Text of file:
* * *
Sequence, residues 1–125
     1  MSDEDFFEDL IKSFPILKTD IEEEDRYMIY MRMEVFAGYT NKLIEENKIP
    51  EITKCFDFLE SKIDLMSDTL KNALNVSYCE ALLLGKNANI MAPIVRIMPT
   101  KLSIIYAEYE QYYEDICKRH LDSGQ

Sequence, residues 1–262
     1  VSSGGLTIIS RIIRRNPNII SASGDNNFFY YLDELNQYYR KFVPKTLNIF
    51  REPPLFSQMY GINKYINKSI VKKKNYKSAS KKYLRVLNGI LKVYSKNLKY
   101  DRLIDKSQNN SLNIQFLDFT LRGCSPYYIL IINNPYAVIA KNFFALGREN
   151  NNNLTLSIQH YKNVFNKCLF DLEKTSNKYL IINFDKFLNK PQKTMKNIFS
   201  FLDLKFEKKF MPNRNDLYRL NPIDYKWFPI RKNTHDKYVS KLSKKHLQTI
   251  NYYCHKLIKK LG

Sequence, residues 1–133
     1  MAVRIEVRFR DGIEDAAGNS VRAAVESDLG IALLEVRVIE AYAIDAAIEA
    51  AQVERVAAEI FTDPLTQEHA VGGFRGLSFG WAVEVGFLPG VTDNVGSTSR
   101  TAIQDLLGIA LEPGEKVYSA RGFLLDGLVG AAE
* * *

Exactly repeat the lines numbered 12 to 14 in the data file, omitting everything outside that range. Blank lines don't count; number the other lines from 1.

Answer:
Sequence, residues 1–133
     1  MAVRIEVRFR DGIEDAAGNS VRAAVESDLG IALLEVRVIE AYAIDAAIEA
    51  AQVERVAAEI FTDPLTQEHA VGGFRGLSFG WAVEVGFLPG VTDNVGSTSR